Natural cosmetics as a future market
by Susanne Gschwind (comments: 0)
The cosmetics market is very dynamic and a lot has happened in the last twelve months. This was emphasised by Elfriede Dambacher, consultant and expert in the natural cosmetics industry, at the 11th Natural Cosmetics Conference. In her presentation, she presented current figures and data on the national and international market.
While conventional cosmetics in Germany largely stagnated in the first half of 2018, the natural cosmetics market grew by 3.1% in the same period - despite falling average prices. According to Dambacher, more new customers are turning to natural cosmetics, although the drugstore remains the dominant channel. Discounters have also recently become a dominant factor in the market. As an example, Dambacher cited the permanent listing of discounter Aldi’s own certified natural cosmetics brand.
Natural cosmetics market also interesting for major corporations
The market for natural and near-natural cosmetics is also booming internationally. According to Elfriede Dambacher, this is not least because consumers are becoming increasingly sensitive to the side effects of synthetic chemical care products. Ethical aspects, such as absence of animal testing, are also still decisive for many when making purchasing decisions. “Natural cosmetics is the market of the future, worldwide,” says the expert.
Forecasts by leading market research companies assume that natural and near-natural cosmetics will grow worldwide by 10% annually until 2025 - one reason why the market and corresponding companies are so interesting for large corporations. L'Oreal's acquisition of Logocos is one of the latest, but not the only, example for her. She called for a more objective discussion - and to focus on what constitutes a brand. The more know-how the conventional cosmetics industry buys, the more opaque it becomes for consumers.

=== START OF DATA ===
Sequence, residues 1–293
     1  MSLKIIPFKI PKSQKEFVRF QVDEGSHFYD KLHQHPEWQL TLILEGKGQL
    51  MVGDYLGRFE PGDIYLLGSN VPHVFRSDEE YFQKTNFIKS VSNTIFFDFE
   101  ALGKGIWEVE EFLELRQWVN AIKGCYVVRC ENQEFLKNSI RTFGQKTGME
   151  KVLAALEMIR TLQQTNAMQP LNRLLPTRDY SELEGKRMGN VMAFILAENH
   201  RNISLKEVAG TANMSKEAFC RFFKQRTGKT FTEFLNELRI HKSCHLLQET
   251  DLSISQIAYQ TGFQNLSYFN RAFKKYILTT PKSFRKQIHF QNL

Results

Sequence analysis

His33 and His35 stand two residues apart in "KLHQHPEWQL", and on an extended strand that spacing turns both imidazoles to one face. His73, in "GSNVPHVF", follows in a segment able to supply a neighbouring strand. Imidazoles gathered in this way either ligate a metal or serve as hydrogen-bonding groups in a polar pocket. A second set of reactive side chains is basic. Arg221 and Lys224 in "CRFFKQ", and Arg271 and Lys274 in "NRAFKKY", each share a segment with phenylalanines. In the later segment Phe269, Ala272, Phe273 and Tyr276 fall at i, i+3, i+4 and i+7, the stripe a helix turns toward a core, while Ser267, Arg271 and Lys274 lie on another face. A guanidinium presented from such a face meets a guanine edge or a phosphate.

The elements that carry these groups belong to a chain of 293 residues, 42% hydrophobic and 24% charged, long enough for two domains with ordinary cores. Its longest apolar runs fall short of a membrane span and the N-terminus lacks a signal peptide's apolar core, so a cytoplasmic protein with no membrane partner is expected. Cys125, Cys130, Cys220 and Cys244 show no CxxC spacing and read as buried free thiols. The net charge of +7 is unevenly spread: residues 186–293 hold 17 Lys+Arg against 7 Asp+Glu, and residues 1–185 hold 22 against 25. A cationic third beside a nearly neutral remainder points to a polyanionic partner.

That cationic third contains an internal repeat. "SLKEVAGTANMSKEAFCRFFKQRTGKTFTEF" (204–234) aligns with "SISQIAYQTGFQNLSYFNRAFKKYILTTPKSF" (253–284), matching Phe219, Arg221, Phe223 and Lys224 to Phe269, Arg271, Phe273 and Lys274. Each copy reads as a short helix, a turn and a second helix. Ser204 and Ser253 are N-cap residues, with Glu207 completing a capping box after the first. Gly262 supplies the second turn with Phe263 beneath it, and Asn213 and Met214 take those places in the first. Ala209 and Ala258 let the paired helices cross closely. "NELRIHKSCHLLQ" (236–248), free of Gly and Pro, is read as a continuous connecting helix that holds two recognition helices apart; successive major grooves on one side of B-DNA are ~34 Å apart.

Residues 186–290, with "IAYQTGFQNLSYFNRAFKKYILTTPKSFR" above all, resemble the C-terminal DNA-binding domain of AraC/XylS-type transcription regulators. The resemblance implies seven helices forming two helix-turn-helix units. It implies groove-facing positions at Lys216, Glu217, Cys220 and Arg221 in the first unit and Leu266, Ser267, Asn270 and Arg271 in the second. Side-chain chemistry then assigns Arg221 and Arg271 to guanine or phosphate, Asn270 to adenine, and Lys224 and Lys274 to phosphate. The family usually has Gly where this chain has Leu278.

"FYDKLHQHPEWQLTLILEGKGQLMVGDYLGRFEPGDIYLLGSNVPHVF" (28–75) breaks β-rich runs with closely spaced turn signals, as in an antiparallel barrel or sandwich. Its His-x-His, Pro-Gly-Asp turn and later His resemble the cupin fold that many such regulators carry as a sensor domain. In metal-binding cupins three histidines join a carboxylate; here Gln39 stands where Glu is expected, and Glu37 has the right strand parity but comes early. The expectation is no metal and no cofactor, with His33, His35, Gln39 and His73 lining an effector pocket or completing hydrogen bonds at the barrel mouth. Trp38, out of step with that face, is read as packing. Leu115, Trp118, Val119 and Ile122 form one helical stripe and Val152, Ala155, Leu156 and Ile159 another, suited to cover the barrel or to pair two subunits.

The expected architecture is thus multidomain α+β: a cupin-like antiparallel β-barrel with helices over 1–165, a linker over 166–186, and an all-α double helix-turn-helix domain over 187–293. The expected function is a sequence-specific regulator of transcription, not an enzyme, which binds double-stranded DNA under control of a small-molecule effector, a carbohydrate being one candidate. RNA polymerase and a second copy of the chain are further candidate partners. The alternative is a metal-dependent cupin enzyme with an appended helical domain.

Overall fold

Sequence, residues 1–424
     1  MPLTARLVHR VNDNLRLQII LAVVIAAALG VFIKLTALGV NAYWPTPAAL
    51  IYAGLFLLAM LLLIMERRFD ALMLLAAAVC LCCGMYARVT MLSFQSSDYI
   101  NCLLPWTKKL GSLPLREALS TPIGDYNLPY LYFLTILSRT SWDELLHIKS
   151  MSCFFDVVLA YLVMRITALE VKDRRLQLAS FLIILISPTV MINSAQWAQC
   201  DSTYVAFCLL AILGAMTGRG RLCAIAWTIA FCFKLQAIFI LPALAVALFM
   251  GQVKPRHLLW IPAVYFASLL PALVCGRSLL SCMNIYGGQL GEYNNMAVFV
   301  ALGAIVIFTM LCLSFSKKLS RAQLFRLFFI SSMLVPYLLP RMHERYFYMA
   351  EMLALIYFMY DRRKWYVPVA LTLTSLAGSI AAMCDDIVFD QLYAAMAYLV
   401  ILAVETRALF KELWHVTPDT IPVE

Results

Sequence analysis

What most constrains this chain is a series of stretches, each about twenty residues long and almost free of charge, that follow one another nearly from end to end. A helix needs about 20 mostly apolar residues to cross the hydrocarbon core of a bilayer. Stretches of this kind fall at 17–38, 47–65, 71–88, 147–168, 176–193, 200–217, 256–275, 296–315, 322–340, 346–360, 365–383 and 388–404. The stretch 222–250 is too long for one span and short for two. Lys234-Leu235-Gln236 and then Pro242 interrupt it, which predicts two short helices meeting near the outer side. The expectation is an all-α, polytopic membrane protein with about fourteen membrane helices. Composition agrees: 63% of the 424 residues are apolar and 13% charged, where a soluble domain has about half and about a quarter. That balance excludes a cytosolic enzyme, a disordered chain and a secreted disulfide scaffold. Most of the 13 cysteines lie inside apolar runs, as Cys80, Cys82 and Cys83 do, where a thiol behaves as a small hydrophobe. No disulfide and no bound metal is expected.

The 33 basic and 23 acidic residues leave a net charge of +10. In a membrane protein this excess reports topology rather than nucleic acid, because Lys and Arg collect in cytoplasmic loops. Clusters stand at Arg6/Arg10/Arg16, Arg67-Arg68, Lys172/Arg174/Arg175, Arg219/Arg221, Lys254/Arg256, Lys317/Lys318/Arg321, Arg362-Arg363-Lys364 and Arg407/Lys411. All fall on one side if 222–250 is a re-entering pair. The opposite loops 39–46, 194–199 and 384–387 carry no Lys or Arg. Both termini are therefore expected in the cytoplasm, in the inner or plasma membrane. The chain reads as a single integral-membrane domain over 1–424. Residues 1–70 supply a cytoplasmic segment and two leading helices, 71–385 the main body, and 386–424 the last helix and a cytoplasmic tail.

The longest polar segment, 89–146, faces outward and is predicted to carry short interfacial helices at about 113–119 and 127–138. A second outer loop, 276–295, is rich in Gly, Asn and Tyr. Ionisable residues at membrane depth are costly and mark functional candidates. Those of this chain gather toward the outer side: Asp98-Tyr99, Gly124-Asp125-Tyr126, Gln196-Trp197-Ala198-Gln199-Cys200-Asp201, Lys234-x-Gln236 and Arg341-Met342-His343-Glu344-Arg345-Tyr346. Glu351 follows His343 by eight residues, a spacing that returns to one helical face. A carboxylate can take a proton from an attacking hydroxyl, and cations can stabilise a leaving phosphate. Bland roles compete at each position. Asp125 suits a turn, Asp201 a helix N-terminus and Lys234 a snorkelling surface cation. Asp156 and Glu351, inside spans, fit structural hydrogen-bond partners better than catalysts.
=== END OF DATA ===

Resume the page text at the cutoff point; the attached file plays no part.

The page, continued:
Sovereignty of interpretation over the term „natural cosmetics“ not secured
In reality, it is also often difficult to classify “near-natural” and “genuine natural cosmetics”. “The sovereignty to interpret the term ‘natural cosmetics’ is not secured,” warned Dambacher. The industry expert pointed to “distortions of competition” that could be observed through cross-border online shops and on some online platforms. The German drugstore markets, for example, jointly drew the attention of political decision-makers to the offer of products that were not marketable. Dambacher also pointed out that the mandatory declaration of products was often missing. Here she sees a need for action to identify natural cosmetics more reliably, precisely because this distribution channel is becoming increasingly important. “According to the IRi ‘E-Commerce Retail Panel’, online retailing was already growing significantly faster than stationary retailing in 2017,” said Dambacher, citing an example: “Natural cosmetics face cream is growing by a factor of 2.5 more strongly than in stationary retailing.”
But not only in terms of sales - digital media (social media) are also becoming increasingly important in communicating with (potential) buyers. According to Dambacher, retailers often react too slow. “More creativity is needed here,” she appealed.
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